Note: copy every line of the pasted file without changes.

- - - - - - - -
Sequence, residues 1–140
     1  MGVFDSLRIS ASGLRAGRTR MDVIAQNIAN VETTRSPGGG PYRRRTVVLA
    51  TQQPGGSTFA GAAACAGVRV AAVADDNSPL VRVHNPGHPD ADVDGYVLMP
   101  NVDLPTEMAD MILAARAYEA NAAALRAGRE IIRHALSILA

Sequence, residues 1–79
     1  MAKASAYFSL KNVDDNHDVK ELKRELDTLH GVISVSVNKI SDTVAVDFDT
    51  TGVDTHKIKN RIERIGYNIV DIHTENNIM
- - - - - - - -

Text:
Sequence, residues 1–140
     1  MGVFDSLRIS ASGLRAGRTR MDVIAQNIAN VETTRSPGGG PYRRRTVVLA
    51  TQQPGGSTFA GAAACAGVRV AAVADDNSPL VRVHNPGHPD ADVDGYVLMP
   101  NVDLPTEMAD MILAARAYEA NAAALRAGRE IIRHALSILA

Sequence, residues 1–79
     1  MAKASAYFSL KNVDDNHDVK ELKRELDTLH GVISVSVNKI SDTVAVDFDT
    51  TGVDTHKIKN RIERIGYNIV DIHTENNIM